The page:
Squeezing fragments into cycles

Today is dedicated to the efforts of Chris White, my PhD student who is soon leaving us for Zurich, where he will work as a postdoctoral associate at the ETH in the laboratory of Professor Jeff Bode. Over the past 3 years, Chris has been painstakingly perfecting a reaction that amounts to insertion of amino acid fragments into cyclic peptides. While there is no precedent for integrative operations in the realm of synthetic chemistry, nature is known to do it. One particularly well-known process in biology involves integration of DNA fragments into host chromosomes. This function-driven insertion of “foreign” fragments into existing biological entities has far-reaching consequences. When we think about synthetic challenges in our lab, we often draw inspiration from nature. Several years ago we asked a question: if the retroviral enzyme integrase can do it by binding both termini of viral DNA, can we think of a reductionist approach to this process? How about instead of DNA and enzymes we teach some new tricks to lithium hydroxide and simple coupling reagents? Chris has capitalized on the susceptibility of N-acyl aziridines to amide hydrolysis –  their “Achilles’ heel” – and developed a tool to site-selectively incorporate molecular fragments into cyclic peptides. We think that this method should be readily adaptable to solid phase synthesis, be extended to split and pool protocols using molecular fragments of varying diversity, and help create non-amide bond forming approaches to fragment integration. Our lab will now actively work in these directions. Thanks Chris for your trailblazing efforts!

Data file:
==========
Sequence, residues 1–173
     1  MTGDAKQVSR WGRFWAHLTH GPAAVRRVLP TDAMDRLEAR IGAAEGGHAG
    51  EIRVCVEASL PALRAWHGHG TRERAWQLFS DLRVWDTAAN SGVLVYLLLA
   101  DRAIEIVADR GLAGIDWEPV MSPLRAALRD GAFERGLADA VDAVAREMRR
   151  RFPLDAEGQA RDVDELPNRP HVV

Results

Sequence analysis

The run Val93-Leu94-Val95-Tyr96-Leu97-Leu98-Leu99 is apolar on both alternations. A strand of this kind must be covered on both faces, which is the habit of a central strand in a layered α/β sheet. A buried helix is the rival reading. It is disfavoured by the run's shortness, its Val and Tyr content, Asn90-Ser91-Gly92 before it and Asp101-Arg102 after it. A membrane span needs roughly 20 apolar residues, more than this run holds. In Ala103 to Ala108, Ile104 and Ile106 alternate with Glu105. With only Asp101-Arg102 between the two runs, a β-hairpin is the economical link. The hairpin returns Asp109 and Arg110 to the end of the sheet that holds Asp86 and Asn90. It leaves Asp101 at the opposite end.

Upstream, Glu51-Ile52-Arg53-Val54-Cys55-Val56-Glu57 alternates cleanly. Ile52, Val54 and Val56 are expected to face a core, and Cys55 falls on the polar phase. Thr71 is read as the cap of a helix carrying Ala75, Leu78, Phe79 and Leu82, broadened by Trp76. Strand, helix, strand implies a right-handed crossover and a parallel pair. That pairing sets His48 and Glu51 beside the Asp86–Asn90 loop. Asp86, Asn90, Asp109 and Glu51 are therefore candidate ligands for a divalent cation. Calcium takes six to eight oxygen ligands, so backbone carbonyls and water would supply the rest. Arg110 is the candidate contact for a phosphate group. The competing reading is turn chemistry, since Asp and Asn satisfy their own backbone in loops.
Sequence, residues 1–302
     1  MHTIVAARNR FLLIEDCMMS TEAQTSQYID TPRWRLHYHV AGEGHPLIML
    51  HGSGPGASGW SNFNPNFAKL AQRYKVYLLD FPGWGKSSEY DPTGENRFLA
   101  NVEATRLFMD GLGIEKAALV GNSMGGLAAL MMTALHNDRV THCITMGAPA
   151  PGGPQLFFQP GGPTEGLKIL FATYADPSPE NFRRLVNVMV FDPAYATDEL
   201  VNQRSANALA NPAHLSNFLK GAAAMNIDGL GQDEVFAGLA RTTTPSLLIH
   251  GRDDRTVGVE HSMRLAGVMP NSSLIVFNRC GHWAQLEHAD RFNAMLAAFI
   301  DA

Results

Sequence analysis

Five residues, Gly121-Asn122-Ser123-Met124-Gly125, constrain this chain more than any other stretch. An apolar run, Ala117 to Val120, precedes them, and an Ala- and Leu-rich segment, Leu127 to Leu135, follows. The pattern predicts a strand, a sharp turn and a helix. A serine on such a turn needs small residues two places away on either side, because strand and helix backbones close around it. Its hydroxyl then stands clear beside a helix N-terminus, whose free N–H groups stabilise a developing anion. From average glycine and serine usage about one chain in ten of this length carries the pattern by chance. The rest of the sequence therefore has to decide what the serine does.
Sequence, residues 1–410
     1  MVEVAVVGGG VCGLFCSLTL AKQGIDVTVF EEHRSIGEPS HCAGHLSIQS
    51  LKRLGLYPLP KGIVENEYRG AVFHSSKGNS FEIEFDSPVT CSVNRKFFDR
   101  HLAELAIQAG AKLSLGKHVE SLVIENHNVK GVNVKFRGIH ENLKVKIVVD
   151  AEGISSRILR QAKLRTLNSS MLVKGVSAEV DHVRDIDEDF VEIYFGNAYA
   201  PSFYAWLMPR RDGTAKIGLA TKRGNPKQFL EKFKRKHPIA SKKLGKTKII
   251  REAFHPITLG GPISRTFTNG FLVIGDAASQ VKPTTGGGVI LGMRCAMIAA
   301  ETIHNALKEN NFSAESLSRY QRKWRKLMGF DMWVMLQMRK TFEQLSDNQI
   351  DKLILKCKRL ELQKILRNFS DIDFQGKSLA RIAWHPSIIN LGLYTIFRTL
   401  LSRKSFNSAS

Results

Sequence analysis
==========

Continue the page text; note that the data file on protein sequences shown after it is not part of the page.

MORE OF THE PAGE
ccc 7.46.16 PM


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